We asked simple questions to simply see how people in Turkey feel entering the New Year in 2018.
Turkey is a predominantly Muslim nation; yet, do the Turkish people think and behave any differently in comparison to what we are accustomed to in Western nations?
Part Five features Ceren, a university student in medical school.
How did 2017 turn out? Was there anything you wished for 2016 that did not happen/materialize?
CEREN: The last days of 2017 in particular were extremely worrying and saddening; we lived through moments the effects of which would be difficult to overcome. Though life has not given us the power to change any of them, I prefer to recall each and every year that has gone by with its best memories. There were, of course, things that I wished but could not do, but 2018 will be another chance for me to accomplish them. I hope.
Does Christmas/Hanukkah mean anything for you?
CEREN: I have a lot of friends who are Christians, and all of them are the sweetest people with whom I feel happy to spend time. I have been in cultural and religious environments with them many times before and would be very glad to do it again. You do not have to embrace the religion to be a part of one of their rituals; every experience you go through adds something to you.
What does New Year’s Eve mean for you? Will you celebrate it? If yes, what will you do on New Year’s Eve?
CEREN: New Year’s Eve, birthdays or anniversaries... None of them carry a meaning more than what you load them with. I love the night I enter the new year because I share it with my loved ones. Whatever it is for me to start a new day on a positive note, it is exactly that to start the new year for me. I feel stronger, more energetic and better.
Is there any difference between the New Year’s in the past and now? If yes, what and why?
CEREN: I have so far spent every New Year's Eve with my family and loved ones. I can say that we have turned eating dinner together, chatting and having fun into a tradition. People want to use that night to have fun and motivate themselves as they see fit; I see no problem with it. I have recently witnessed wrong projections of it a few times, but people having fun together should not bother anyone. You may choose to go to sleep that night; it should be nobody else's business.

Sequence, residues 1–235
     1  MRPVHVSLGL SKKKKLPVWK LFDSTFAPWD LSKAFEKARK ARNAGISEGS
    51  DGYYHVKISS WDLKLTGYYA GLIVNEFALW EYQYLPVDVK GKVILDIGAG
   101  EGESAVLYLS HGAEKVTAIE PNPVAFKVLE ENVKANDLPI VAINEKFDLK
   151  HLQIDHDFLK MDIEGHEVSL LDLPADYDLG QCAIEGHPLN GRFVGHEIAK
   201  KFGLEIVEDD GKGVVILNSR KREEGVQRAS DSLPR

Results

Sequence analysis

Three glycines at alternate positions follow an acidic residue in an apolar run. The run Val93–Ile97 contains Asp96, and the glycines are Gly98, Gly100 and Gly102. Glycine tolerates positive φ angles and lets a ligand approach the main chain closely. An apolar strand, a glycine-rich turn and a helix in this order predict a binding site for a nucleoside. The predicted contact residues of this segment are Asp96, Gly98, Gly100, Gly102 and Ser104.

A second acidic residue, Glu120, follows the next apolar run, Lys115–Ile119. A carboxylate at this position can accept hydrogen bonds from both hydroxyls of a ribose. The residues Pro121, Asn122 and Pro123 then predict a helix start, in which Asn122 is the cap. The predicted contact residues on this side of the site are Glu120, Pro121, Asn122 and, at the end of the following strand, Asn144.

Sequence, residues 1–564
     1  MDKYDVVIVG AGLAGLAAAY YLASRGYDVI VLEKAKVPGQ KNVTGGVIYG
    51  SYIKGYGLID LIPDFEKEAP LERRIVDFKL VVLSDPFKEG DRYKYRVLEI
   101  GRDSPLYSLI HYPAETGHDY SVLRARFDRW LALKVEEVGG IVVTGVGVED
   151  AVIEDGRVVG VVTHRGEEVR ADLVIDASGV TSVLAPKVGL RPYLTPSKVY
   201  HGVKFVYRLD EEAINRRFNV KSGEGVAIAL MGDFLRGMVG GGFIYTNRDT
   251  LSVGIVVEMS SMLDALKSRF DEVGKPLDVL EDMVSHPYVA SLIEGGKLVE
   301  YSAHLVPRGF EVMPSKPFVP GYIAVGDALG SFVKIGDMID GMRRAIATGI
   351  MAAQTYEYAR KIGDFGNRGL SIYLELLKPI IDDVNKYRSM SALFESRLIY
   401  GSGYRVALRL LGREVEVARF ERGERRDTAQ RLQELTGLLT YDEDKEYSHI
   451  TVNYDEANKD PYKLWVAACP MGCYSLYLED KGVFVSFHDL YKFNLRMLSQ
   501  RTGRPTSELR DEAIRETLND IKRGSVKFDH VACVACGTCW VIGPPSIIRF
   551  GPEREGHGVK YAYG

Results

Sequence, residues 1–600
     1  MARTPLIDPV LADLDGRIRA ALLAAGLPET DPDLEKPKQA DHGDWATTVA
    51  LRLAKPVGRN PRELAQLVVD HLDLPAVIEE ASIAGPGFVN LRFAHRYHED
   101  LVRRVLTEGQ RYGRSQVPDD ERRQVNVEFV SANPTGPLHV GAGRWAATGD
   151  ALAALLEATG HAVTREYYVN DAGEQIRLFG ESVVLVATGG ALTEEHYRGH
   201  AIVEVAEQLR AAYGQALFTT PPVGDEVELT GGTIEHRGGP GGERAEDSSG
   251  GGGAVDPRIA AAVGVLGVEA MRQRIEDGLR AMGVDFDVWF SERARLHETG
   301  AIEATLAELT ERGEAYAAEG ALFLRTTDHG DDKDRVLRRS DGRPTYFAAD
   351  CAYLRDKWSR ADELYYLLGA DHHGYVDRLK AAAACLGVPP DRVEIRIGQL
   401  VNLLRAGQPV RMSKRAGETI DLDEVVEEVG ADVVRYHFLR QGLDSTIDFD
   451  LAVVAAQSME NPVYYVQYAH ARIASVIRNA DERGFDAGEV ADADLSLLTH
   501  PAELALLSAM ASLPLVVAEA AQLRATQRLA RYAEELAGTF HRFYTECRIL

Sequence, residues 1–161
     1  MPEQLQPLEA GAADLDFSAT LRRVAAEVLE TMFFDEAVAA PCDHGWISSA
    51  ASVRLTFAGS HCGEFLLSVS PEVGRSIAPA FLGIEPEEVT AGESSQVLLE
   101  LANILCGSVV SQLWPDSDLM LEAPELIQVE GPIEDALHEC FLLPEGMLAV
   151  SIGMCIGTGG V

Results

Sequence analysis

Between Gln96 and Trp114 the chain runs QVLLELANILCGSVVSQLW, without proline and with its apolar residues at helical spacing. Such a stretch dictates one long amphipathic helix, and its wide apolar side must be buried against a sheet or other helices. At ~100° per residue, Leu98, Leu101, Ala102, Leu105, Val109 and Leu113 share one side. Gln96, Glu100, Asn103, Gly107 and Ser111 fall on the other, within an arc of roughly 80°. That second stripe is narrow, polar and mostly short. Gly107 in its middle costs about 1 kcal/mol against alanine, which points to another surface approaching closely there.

Is there something you specifically want to do in 2018? Do you have any hopes for the new year?
CEREN: I have several personal wishes for the New Year, of course, but first of all, I wish for a year during which we will begin each and every day not with worries, but with love and tranquility. As a candidate to become a doctor, I hope for mental, spiritual and physical health for everyone. I hope to meet vivacious people who love human beings, animals and the nature they live in. And of course, I want my favorite team, Fenerbahçe, to win the championship.
How would you envision a perfect life for the rest of your life from this point on?
CEREN: I would envision a world in which I could find more positive people around me and where differences were accepted as richness. I would probably place love and tolerance in the center of that world because life becomes good, beautiful and meaningful when they exist. People should envision life as they would want to live it, and they should send that energy into the universe. Because there is a saying I love very much: "A person always proves to be right whether he/she says good will happen or he/she says bad will happen."
The views and opinions expressed in this article are those of the author(s) and do not necessarily reflect the official policy or position of Muslim World Today.